Rickey Henderson had an expansive career which spanned all across North America. Raised in Oakland, California, he quickly became the pride of his hometown as he built a Hall of Fame resume and brought home the A’s final World Series championship. Along the way, he became baseball’s greatest base-stealer, owning every major record in that category at the time of his retirement. He played with passion and a love for the game which brought him an illustrious 25-year career and a place in Cooperstown, New York. This is his story.
Rickey Nelson Henley was born on December 25, 1958 in Chicago, Illinois. When Rickey was two, his father abandoned the family and five years later they relocated to Oakland. Five years after their move, his father died in a car accident. When Rickey was a junior at Oakland Technical High School, his mother married Paul Henderson and the family adopted his surname.
Growing up, Henderson learned to bat right handed, though he naturally threw left handed. This ability is rare in non-pitchers to this day in the major leagues and Henderson proved to be one of the best. While attending Oakland Tech, Henderson excelled in baseball, basketball and football where he was a star running back. Though he received dozens of scholarship offers for football and despite a lifelong ambition to play for his hometown Raiders, Rickey Henderson heeded his mother’s advice that football players had shorter careers and pursued a baseball career.
The A’s: First Stint
Rickey Henderson was drafted out of high school in the fourth round of the 1976 MLB Draft by the Oakland A’s. After spending three years in the minors, Henderson joined the A’s in the summer of 1979. Though he hit just one home run, he averaged a respectable .276. The following year, he earned his first All-Star nod as he hit nine home runs, 53 RBI and batted .303. That season, he began a seven year streak where he led the league in stolen bases. Not only did he begin an impressive streak, but he also broke Ty Cobb’s 65-year-old American League record of stolen bases in a season with 100. It was a sign of things to come for the young homegrown talent.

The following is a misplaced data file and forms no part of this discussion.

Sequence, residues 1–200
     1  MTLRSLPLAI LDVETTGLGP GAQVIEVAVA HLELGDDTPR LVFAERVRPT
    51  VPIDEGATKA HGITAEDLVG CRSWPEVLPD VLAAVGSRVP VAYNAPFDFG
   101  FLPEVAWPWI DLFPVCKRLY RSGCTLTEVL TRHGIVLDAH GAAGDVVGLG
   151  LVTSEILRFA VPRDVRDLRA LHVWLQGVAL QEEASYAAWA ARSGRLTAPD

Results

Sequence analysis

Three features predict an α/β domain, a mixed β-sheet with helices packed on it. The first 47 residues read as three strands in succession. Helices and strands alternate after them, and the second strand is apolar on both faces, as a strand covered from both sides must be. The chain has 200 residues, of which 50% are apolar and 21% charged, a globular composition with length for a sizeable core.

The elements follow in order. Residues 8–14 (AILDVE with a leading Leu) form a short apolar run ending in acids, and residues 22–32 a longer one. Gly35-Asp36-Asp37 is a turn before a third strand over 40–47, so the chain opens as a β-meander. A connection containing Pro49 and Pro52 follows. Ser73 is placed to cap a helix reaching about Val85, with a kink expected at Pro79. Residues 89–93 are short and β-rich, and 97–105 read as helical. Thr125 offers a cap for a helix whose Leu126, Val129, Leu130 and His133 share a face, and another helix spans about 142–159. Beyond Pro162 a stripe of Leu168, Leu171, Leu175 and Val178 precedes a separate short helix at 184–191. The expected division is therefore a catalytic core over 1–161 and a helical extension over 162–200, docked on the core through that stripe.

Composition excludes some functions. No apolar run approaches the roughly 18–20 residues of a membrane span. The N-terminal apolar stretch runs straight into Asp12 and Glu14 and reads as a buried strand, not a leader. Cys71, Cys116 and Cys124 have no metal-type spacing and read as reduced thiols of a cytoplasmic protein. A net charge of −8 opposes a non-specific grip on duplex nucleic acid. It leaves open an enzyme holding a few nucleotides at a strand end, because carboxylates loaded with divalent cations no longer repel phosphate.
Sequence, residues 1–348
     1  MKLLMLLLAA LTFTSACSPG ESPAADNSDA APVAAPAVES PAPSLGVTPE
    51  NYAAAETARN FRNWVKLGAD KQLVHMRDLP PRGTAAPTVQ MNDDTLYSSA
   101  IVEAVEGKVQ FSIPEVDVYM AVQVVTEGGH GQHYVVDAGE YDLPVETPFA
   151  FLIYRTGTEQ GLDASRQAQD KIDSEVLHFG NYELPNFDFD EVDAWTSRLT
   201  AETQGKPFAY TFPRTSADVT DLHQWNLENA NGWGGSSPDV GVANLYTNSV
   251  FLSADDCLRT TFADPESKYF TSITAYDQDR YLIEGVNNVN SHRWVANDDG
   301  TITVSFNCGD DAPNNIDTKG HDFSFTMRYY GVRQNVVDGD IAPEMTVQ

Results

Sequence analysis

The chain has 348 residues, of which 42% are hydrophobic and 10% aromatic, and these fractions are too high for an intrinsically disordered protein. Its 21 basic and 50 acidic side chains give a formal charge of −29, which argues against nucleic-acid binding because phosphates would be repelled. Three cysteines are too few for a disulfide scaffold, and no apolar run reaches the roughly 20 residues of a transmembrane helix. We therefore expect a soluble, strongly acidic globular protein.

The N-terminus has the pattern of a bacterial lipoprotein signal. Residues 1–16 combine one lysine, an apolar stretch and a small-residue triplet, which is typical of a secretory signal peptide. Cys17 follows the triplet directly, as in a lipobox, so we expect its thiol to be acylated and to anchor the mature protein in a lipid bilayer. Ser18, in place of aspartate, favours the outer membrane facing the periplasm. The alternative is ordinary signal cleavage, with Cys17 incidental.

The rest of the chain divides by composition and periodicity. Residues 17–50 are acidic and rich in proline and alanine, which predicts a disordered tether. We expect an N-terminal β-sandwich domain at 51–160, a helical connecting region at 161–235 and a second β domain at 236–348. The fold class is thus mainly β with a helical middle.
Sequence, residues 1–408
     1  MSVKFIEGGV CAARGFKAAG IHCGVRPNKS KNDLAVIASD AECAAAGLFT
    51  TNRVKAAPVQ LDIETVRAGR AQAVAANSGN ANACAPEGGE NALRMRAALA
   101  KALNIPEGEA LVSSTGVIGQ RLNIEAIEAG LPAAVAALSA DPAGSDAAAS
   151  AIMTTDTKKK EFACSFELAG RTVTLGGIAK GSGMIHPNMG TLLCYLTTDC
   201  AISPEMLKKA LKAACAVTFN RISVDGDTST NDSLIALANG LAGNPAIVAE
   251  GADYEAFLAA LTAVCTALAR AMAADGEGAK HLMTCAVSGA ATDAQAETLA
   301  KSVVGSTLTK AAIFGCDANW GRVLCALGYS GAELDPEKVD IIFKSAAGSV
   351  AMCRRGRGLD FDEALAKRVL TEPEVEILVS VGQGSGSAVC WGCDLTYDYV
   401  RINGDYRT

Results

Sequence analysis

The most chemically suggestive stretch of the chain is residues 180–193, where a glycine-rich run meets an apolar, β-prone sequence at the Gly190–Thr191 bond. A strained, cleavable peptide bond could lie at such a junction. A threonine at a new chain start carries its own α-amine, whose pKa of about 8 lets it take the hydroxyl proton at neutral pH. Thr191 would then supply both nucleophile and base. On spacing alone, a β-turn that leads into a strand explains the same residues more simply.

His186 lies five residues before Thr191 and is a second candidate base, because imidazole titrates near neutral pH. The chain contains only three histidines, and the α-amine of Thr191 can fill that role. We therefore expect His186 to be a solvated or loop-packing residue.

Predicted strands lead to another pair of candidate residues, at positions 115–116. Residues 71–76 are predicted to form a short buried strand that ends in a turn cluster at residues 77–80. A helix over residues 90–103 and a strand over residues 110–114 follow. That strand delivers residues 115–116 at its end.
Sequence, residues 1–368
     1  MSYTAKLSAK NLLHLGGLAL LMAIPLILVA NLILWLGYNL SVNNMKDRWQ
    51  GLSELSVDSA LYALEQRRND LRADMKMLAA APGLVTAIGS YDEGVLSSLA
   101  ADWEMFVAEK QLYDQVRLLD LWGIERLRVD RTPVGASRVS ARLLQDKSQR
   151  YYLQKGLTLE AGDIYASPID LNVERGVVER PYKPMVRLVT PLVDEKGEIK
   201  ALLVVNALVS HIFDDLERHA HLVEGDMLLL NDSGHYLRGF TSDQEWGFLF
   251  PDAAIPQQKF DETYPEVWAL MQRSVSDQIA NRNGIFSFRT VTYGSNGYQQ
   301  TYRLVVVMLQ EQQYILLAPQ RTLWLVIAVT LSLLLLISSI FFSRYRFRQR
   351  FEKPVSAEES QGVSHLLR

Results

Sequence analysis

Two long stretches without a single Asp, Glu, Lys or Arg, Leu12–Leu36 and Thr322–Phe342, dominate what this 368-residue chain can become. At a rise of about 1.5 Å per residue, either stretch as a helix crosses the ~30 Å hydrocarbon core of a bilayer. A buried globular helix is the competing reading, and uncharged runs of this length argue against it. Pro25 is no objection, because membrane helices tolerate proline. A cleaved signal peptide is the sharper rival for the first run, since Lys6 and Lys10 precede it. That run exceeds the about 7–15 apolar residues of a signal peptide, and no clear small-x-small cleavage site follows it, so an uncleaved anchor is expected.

Though he led the league in hits (135), runs (89) and stolen bases (56) in 1981, Henderson failed to make the All-Star team. However, not all was lost as he earned the Gold Glove Award and the Silver Slugger Award. The following year, he began a streak of seven straight All-Star selections and set the major league record with 130 stolen bases. In 1982, 1983 and 1984, Rickey Henderson hit 10, nine and 16 home runs respectively. Those were the final three years of his first stint with the A’s and after the 1984 season he was traded to the New York Yankees.
The New York Yankees are the most storied franchise in major league history but in the late 1980’s they failed to make the playoffs as they consistently paid huge sums of money for talented players. But despite the failures of the team, Rickey Henderson shined in the City that Never Sleeps. He hit 24 home runs, batted .314 and led the league in runs (146) and stolen bases (80) in 1985 and earned the Silver Slugger Award.
The following year, he again led the league in runs (130) and stolen bases (87) while slamming 28 home runs. Though he was named an All Star in 1987, Rickey Henderson had a down year and did not lead the league in stolen bases for the first time in seven years, stealing just 41. He was back to his old tricks in 1988 and led the league in stolen bases with 93 in 1988. The Yankees decided to go in another direction in the middle of the 1989 season and traded him back to Oakland where he would experience the most memorable season of his life.
The A’s: Second Stint
When Rickey Henderson rejoined the A’s in the middle of the 1989 season, Oakland boasted one of the most powerful lineups in major league history. Led by Mark McGwire and Jose Canseco, the A’s constantly blasted home runs into the stratosphere. However, they knew that they could get faster and traded for the best base stealer in the business: Rickey Henderson.